- Some of these may be support to formal structures in the broader community, such as management of health facilities, outreach services, community radio, newspaper and television programming, provision of educational programmes.
- There may also be mechanisms within the religious tradition to provide assistance to particularly vulnerable members of their community, such as zakat in Muslim communities and church funds from donations or tithing.
- Some assistance may be informal or even ad hoc, such as offering the use of worship spaces for education, community activities or shelter in emergencies.
- What relevant technical experience or skills do religious actors have (including knowledge of systematic codes of good practice and appropriate/ethical conduct regarding children)?
- What financial resources do the religious structures have for carrying out the intended activities? If they need additional financial support, do they have the organizational capacities to handle financial inputs and the accompanying reporting requirements?
- What, if any, involvement and influence do religious communities have in local, national or regional social and political governance, especially in addressing the needs of the most marginalized children and families? Is this influence the result of established structures or due to individual leaders with particular charisma or influence?
Understanding leadership and management structures, as well as identifying the focal persons who have the authority to enter into collaboration and move the work forward, is key to any partnership. If a religious community is new or unfamiliar, however, it can be an especially challenging process. It is important to find out information such as:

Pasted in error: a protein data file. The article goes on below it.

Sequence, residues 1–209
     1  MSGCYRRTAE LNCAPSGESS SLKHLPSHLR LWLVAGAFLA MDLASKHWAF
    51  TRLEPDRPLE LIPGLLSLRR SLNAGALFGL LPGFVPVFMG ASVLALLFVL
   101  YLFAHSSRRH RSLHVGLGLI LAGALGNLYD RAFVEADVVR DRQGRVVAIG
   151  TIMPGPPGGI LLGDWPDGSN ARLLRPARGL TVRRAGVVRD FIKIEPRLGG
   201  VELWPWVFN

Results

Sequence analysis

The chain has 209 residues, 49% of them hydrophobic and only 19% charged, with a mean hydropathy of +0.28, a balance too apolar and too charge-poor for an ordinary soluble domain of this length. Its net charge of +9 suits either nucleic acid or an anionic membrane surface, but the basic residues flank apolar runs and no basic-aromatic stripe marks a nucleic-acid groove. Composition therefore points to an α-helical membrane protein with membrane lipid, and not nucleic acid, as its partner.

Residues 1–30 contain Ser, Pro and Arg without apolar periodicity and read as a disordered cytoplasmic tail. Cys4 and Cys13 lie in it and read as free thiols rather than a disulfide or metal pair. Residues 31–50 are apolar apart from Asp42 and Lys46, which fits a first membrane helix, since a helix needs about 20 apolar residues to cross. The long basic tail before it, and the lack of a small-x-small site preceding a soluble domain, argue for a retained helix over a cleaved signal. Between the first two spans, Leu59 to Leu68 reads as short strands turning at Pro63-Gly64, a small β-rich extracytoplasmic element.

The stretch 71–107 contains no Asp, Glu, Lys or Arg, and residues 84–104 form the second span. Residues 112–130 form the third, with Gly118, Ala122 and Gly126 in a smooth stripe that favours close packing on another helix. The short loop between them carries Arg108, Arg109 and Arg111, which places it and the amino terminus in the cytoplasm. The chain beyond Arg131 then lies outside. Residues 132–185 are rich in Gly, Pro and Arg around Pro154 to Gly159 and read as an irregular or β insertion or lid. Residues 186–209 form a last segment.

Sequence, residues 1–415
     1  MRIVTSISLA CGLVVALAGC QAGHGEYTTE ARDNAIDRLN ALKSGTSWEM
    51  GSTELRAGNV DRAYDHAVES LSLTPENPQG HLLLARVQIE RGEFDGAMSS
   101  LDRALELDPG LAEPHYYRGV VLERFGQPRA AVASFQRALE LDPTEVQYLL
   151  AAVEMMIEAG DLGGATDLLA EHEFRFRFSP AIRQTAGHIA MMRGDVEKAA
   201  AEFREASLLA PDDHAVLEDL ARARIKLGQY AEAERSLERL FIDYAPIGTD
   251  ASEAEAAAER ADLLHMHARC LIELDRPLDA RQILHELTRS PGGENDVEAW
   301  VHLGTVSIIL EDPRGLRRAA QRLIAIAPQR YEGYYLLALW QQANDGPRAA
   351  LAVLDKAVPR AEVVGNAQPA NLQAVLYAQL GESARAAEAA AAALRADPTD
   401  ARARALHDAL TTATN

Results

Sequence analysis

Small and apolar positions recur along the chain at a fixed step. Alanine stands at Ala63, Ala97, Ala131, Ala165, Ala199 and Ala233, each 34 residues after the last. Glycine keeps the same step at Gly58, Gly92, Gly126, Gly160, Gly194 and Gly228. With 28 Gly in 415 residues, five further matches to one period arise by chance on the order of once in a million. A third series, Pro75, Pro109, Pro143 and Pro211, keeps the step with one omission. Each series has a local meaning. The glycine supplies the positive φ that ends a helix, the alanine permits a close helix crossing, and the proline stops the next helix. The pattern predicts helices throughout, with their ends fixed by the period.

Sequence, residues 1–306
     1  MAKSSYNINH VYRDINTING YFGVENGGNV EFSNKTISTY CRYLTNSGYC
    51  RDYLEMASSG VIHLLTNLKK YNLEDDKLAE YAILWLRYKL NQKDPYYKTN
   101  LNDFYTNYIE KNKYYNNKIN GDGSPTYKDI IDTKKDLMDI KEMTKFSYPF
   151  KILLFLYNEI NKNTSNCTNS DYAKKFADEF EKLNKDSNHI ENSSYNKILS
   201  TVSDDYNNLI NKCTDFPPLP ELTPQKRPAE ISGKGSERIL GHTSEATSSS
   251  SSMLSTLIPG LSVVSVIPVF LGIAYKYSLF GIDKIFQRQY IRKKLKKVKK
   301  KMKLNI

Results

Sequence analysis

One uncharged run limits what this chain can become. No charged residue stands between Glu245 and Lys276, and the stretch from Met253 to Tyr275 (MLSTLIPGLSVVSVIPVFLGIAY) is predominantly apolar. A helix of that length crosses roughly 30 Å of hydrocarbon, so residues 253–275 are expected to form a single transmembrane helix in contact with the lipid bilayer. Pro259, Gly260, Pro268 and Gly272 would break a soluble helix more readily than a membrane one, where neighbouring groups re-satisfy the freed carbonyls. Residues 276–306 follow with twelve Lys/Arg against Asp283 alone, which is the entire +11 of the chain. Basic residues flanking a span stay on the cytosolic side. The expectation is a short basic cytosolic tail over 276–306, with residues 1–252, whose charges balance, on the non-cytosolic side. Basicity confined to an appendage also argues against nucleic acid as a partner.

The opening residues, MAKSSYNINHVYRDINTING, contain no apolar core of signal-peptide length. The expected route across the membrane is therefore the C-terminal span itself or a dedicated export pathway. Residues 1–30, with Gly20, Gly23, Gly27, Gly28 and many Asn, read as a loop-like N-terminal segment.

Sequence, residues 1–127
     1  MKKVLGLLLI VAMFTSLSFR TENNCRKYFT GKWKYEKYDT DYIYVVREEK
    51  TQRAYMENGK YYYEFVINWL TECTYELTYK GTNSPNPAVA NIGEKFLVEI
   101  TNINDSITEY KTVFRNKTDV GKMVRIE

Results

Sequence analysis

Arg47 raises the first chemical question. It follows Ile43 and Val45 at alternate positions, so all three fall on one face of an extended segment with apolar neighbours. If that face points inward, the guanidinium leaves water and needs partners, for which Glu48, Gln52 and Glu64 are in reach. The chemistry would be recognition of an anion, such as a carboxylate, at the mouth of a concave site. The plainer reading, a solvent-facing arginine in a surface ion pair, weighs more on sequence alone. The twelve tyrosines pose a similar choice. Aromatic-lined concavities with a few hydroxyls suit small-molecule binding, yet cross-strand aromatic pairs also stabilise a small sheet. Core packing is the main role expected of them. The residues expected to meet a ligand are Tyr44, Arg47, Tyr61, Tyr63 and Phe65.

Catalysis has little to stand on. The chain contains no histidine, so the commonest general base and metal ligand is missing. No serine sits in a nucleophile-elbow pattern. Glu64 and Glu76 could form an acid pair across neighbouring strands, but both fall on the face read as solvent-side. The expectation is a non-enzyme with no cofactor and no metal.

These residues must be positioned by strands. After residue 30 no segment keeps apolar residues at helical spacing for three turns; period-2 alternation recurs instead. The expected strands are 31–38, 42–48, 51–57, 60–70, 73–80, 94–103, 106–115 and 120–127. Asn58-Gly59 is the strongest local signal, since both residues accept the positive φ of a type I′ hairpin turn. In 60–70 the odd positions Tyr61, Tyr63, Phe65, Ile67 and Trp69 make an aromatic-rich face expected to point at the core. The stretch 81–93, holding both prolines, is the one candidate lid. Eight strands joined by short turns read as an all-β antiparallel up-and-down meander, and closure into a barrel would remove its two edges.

- How does the religious community define leadership?
- Is there a formal, centralized or hierarchical system of designated leaders, or is the structure decentralized with leadership residing closer to the community level?
- At the different levels of the religious structure, and particularly at the grass-roots level, are there persons who may not have formal leadership status but are perceived to be opinion leaders (e.g., an elder in the community, a school teacher, an individual who self organizes groups within the community around any given social issue)? These individuals often educate, reflect and mobilize community members in ways important for implementing any given programme.
- Who are the people responsible for making decisions regarding the partnership as well as the implementation and oversight of programming (these may not be the same individuals)?
- If there is a highly structured system of decision-making necessitating dialogue at different levels, can decision makers be mobilized at comparable levels within child rights organizations to engage in the process? This can be very important in expressing respect for and adhering to the protocols of the religious community and will greatly enhance the sense of partnership and collaboration.